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Waterproof vs. Water Resistant Flooring

Posted on August 12, 2012 by David

It’s an important distinction. Waterproof is a big word. There is no wiggle room with that word. For the floor that says this word, it means “Water won’t affect me – at all. Full stop.” To illustrate this we did an Aquarium Test, putting a few different pieces of flooring in an aquarium full of water for three days to show the impact – or lack of one, in the case of our waterproof vinyl. Take a look.


Waterproof Vinyl PLank Flooring

Waterproof flooring can handle a flood. This doesn’t mean your entire house will handle the flooding, but once all is cleaned up, your flooring can just be dried off and put right back in place.

What is water “resistant” flooring then? Well first, what isn’t even that? Carpet. Carpet is not water resistant. If you spill something on carpet, the carpet will get wet. Even if it is stain resistant, such that spilled red wine doesn’t color the flooring red, it’s still going to get wet. If you lifted up that section, the subfloor underneath would be wet as well, and even after some wiping and dabbing, it will take time to progress to damp and then to dry.

Water being resisted.

Water being resisted.

Water resistance in flooring means that the particular element of flooring has been designed to withstand water better than it normally would. Usually this means ‘longer’. With hard surfaces, most flooring is designed to be able to have some water on top for a while before it will soak through, giving you time to take care of the spill before it can affect the floor. Just about all laminates claim this. The aluminum oxide coating most of them have is pretty much waterproof, but the seams, the gaps between planks, aren’t, so the floor isn’t. In those gaps, you usually have exposed core, and generally exposed wood-stuff will eventually soak in water.

The need for some protection there has led to the development of a product called Click Guard, which we just started carrying.

The seams in your laminate floors may have Click Guard, they may be waxed (another method of preventing water penetration) or they may just be exposed core. When a laminate floor claims to have a water resistant core, it means that material has been designed to hold off soaking up water that has gotten into the gaps. It won’t hold it off forever. With water resistant floors, you have some time to get to a spill, but you definitely need to get to it. And water resistant flooring cannot handle flooding, say from a broken water pipe. Even with a protected seam, if your whole floor is under an inch of water, the resistance element is no longer a factor you can count on, which is why we soaked our pieces for 3 days in the aquarium. You saw the swelling that came about as a result.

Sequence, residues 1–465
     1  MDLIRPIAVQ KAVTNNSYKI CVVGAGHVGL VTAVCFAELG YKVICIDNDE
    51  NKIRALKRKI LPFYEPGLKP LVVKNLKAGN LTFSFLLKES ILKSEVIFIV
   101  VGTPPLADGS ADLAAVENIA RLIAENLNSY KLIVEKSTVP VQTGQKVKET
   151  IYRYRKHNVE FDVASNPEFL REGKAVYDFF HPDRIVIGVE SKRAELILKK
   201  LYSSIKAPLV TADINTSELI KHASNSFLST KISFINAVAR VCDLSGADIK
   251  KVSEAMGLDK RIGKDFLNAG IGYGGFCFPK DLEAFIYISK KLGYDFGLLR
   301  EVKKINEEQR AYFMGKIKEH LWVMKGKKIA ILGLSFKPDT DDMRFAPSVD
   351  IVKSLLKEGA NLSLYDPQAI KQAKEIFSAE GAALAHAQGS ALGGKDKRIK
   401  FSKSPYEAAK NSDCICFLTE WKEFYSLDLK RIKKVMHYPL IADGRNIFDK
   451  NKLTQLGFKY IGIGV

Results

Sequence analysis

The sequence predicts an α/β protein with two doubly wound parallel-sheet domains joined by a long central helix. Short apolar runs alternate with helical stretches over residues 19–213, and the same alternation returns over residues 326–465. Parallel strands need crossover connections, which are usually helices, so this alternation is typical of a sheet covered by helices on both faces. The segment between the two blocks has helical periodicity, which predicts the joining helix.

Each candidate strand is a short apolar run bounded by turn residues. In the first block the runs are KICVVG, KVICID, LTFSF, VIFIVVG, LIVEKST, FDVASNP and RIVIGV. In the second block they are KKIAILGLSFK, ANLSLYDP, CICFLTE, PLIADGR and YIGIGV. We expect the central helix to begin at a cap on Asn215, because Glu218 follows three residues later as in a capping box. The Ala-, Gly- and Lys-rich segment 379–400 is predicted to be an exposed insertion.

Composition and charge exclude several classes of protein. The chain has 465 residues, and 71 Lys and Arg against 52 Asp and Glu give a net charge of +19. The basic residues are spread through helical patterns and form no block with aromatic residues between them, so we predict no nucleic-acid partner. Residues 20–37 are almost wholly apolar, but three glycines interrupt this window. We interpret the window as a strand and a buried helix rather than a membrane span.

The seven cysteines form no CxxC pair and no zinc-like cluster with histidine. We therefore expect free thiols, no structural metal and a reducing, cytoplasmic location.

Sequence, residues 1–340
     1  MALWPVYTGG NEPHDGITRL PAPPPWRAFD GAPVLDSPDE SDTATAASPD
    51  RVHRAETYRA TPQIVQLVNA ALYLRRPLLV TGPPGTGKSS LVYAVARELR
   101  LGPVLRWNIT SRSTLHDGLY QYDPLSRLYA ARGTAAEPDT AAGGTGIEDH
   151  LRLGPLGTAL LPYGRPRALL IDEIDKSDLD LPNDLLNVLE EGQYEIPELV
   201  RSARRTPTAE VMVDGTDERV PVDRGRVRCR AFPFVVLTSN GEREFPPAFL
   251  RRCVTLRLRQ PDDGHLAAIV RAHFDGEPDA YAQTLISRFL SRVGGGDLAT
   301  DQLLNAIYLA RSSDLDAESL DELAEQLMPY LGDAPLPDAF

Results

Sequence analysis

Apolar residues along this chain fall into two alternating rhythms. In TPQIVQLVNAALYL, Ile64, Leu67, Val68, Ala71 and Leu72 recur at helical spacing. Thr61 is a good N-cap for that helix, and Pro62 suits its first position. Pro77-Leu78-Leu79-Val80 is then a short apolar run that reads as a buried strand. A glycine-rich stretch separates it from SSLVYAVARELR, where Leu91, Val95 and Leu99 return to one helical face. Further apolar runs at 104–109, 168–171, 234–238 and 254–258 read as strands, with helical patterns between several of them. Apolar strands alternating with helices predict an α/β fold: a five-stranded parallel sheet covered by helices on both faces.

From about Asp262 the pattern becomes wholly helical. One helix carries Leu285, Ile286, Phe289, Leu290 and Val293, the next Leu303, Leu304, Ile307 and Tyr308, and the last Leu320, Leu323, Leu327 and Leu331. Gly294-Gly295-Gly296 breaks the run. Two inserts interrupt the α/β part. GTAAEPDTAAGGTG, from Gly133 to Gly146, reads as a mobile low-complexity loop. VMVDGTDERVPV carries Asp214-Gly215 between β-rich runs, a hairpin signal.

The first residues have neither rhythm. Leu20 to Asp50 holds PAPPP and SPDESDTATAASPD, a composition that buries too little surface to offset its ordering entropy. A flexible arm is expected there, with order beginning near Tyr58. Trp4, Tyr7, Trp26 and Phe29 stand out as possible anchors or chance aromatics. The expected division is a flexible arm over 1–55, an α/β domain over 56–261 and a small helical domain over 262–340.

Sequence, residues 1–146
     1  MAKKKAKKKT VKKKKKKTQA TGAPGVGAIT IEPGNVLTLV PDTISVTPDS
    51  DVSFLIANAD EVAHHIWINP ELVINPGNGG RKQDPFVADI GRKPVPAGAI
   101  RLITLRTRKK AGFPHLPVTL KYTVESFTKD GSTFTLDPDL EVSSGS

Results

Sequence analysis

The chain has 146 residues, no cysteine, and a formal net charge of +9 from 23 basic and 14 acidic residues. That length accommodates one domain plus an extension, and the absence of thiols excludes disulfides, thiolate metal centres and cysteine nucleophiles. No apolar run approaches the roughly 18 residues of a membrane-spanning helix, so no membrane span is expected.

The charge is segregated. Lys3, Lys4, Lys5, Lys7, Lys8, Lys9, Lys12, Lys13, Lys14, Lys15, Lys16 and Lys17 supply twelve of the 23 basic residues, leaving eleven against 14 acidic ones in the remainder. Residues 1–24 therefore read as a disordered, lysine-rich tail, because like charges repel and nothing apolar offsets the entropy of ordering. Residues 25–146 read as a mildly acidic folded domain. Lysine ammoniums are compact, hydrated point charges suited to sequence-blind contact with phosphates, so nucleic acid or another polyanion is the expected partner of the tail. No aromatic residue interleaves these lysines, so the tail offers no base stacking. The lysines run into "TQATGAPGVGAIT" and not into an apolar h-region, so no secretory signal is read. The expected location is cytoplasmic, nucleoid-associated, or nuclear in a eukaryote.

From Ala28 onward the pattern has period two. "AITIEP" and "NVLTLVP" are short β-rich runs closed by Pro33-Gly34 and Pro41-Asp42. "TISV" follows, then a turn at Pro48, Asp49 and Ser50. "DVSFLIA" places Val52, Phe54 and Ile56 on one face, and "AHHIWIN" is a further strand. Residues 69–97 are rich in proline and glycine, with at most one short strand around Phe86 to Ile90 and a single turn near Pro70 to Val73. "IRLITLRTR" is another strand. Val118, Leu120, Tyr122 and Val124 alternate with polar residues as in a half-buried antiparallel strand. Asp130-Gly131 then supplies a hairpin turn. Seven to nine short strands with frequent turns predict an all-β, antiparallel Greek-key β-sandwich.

How water resistant can these floors get? Frankly, they can be pretty good, almost annoyingly good. For instance, in a video we are making for the Click Guard, we wanted to show how the water seeping into the gaps that didn’t use Click Guard would soak into the cores of the planks and, after they dried, cause enough swelling to keep the planks from clicking together properly. Well, we left the water in place for about 6 hours, it did get through the gaps, and it did get to the cores, but frankly, in our case it just didn’t do anything to the planks. We had nothing to show you. A “water resistant core” indeed!

Still, when we say water resistant, you really should plan on it not being waterproof, and if that’s what you need – go with that. We didn’t test every product we have in the video, and for some laminates, a spill left unattended for 6 hours really will make your planks swell. We’re always going to be conservative in our recommendations, because our goal is for the product you receive to be better than you expected it to be, not worse.

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So what do you look for? For 100% waterproof flooring, we have Supreme Click Elite Waterproof Vinyl Plank and Tuff Guy Freedom Loose Lay Vinyl Plank. Those fully fit the bill. For water resistance, look at most of our laminate flooring. Water resistance is becoming a standard feature with laminates, so look for it there, and in some of our other vinyl options.

 
 

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W. David Lichty is the Content Guy at Floors To Your Home (.com). In my spare time I shoot and edit video, explore film history, mix music (as in ‘play with Beatles multi-tracks’) and write non-fiction for my friends. Connect with me on Google+

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Comments (2)

 

  1. Merrilee McLain says:

    I have salon , put vynl planking on top of concrete floor.i am on second floor so no problem with moisture. My washing machine broke and dumped about 10 gallons of water and flooded a section of floor. We caught it after about 30 minutes but the water had traveled. We cleaned it all up but what about the water trapped under flooring?help. I don’t want mold

    • David says:

      Merrilee, if water gets under your floor covering (the vinyl planks), it’s possible that the only way to get to water under the floor is to pull the vinyl up. If you have a glue down vinyl, this can be difficult and messy, and you may want to call a professional to do it. If the planks are click-together or loose lay, then the process is do-able enough that I wouldn’t hesitate to get them out of the way so the trapped moisture can evaporate away. Most vinyl planking is waterproof (all of ours is, but I don’t know what you have), so those planks should be able to go right back down once your subfloor is taken care of.

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